Building on years of prior research, thousands of top doctors included in earlier editions of our guides are invited to offer their nominations for Castle Connolly America’s Top Doctors. Beginning in 2011, and moving forward, the nomination process invited every licensed MD and DO across the country to participate. This involved contacting over 50,000 physicians and healthcare executives, a nationwide distribution of nomination notifications via various media channels and partnering with US News and World Report as a means of expanding our process to physicians across the country.
The Castle Connolly physician-led research team carefully reviews the credentials of every physician being considered for inclusion in Castle Connolly Guides®, magazine articles and website. The review includes, among other factors, scrutiny of medical education, training, hospital appointments, administrative posts, professional achievements, and malpractice and disciplinary history.
Doctors cannot and do not pay to be listed in any Castle Connolly guide to top doctors. They are selected based on nominations by their peers and reviewed by Castle Connolly’s physician-directed research team.
March 19th, 2013
Christine Klag was relieved to learn from her breast surgeon that she could have breast reconstruction immediately. In fact, it is still the case that many woman undergoing mastectomy don’t realize this. But when given the option, she interviewed and chose Dr. Russell Ashinoff of The Plastic Surgery Center and The Institute for Advanced Reconstruction. “As soon as I met Dr. Ashinoff,” she said to herself, ‘This is it. He’s my angel.’ Concludes Klag, who is back at work as a police lieutenant in North Bergen, “(Dr. Ashinoff) is very rare.” Click on the image below to read about her enlightening story and successful breast reconstruction surgery in the March/April 2013 issue of Meridian Healthviews.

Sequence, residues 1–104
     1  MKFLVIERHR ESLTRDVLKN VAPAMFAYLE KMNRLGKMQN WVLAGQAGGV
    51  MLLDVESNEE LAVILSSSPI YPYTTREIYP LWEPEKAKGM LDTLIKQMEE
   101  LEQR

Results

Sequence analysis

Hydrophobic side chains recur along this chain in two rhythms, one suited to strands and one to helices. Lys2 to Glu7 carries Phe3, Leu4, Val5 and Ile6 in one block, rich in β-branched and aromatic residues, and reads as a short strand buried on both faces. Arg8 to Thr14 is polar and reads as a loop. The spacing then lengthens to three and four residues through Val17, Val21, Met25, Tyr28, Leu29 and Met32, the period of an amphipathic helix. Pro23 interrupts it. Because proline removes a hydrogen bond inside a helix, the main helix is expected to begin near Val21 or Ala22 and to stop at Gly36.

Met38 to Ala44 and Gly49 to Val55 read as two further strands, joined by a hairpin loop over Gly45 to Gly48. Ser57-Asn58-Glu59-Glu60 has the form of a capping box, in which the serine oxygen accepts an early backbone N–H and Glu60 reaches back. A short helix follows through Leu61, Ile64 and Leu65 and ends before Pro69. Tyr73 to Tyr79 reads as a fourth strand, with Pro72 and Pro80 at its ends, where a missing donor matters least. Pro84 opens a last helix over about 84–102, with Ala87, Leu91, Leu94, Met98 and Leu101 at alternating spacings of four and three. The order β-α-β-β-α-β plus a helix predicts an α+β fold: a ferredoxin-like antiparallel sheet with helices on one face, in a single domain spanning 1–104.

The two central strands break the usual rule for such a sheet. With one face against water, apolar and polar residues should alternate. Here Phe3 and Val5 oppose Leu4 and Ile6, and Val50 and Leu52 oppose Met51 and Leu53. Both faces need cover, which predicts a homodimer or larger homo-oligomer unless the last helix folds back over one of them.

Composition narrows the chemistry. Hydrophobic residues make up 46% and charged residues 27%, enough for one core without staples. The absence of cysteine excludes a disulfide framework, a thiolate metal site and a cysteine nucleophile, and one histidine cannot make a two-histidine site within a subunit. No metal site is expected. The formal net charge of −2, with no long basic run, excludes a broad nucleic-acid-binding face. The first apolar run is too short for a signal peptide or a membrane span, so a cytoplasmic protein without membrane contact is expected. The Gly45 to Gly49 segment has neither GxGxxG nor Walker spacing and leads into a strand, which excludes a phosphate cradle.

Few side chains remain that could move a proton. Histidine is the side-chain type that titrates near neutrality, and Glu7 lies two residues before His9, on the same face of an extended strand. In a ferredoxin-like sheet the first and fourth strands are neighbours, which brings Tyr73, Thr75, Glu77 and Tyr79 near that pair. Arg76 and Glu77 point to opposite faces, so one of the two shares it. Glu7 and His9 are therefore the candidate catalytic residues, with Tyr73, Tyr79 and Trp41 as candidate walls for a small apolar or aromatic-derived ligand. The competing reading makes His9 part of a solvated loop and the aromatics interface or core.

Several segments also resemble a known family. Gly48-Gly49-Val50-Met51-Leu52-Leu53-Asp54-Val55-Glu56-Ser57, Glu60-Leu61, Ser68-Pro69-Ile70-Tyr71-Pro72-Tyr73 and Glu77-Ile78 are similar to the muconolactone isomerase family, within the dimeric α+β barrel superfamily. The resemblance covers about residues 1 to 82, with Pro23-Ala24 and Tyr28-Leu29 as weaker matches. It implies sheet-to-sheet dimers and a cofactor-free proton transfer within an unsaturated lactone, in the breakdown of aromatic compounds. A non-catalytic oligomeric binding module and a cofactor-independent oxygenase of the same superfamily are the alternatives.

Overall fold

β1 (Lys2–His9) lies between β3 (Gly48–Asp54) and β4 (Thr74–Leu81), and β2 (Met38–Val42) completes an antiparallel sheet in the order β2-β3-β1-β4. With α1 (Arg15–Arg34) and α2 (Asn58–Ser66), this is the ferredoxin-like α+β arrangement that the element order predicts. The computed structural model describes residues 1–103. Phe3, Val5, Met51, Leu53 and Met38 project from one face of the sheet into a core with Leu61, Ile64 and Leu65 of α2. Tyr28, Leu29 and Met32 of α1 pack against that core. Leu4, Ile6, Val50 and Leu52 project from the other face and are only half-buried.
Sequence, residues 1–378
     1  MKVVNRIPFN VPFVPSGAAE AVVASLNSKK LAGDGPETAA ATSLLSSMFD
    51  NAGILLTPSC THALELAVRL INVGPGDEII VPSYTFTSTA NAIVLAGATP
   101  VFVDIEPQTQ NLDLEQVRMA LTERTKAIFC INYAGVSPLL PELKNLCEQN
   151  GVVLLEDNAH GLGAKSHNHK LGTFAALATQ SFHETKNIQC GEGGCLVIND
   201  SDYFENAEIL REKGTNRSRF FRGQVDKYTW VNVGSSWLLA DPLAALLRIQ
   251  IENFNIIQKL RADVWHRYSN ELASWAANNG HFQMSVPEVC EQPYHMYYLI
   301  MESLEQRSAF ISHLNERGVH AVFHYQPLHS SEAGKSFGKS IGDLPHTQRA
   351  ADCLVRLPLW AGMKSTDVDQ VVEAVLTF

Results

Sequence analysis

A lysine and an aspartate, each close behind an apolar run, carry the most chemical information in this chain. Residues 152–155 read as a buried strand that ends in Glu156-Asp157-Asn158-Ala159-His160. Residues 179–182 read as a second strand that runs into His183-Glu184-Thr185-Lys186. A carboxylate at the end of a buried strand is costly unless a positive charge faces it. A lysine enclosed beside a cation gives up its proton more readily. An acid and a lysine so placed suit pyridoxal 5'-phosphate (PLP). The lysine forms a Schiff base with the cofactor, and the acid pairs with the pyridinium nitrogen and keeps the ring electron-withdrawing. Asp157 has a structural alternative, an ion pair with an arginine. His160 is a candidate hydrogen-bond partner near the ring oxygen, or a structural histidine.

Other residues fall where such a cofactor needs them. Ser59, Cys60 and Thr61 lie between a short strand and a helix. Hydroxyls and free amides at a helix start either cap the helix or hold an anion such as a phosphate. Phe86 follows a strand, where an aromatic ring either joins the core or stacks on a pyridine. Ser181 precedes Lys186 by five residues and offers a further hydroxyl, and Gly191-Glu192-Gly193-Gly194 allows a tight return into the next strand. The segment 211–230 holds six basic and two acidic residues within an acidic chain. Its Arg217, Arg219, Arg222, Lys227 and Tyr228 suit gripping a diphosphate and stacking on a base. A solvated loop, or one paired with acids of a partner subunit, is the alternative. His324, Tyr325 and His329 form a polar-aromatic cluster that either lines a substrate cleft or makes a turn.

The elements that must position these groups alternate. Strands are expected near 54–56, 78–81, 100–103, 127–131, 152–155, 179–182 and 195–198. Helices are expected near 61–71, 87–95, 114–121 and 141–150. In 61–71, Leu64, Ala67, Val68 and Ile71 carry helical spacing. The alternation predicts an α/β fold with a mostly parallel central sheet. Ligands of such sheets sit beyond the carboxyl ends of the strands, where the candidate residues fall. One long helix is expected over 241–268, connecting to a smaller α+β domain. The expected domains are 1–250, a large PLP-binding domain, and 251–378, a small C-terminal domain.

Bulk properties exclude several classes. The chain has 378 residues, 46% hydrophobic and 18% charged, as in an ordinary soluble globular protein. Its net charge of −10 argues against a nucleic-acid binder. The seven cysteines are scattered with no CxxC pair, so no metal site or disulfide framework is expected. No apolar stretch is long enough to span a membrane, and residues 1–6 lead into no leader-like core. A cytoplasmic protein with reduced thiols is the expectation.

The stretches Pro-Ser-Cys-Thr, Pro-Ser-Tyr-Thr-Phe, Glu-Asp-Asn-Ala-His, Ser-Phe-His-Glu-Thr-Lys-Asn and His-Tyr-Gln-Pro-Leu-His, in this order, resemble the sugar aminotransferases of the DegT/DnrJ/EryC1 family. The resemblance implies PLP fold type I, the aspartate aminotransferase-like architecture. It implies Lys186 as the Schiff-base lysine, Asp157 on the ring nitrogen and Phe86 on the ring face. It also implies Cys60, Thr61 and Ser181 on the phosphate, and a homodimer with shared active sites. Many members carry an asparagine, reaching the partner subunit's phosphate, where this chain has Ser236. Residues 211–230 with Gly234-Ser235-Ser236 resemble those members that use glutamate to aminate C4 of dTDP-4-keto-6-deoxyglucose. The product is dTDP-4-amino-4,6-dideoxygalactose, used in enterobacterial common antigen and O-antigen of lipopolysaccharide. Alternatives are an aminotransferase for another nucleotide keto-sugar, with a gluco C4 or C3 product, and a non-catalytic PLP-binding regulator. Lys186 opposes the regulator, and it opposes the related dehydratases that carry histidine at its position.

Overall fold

March 4th, 2013
A motor vehicle accident took away the healthy, functioning lifestyle of a Kristen Kuczenksi, 29 years old, of Pittston Township, PA. Five years later, however, Dr. Matthew Kaufman of The Institute for Advanced Reconstruction performed nerve decompression surgery, a special yet relatively simple procedure, that gave her back her life by treating her occipital neuralgia. Kristen experienced daily headaches that were so severe they often resulted in nausea and vomiting. She described the pain as predominately on the left side of her head resulting in sensitivity so severe she had trouble even touching the area, such as for brushing or washing her hair, and she never wore sunglasses.
“It was like fireworks going off inside my head,” she said.
After years of visiting doctors from pain management specialists to neurologists and her family doctor she still found no relief from her headaches.
“I didn’t even want to live,” she said, adding that, I hit a breaking point.”